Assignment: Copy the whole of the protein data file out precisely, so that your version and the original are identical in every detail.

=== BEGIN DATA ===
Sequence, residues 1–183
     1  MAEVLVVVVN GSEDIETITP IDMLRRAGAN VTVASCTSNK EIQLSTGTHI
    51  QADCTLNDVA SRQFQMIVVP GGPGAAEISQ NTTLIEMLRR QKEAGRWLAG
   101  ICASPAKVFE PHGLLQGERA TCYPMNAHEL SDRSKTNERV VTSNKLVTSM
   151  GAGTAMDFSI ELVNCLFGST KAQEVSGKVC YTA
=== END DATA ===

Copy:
Sequence, residues 1–183
     1  MAEVLVVVVN GSEDIETITP IDMLRRAGAN VTVASCTSNK EIQLSTGTHI
    51  QADCTLNDVA SRQFQMIVVP GGPGAAEISQ NTTLIEMLRR QKEAGRWLAG
   101  ICASPAKVFE PHGLLQGERA TCYPMNAHEL SDRSKTNERV VTSNKLVTSM
   151  GAGTAMDFSI ELVNCLFGST KAQEVSGKVC YTA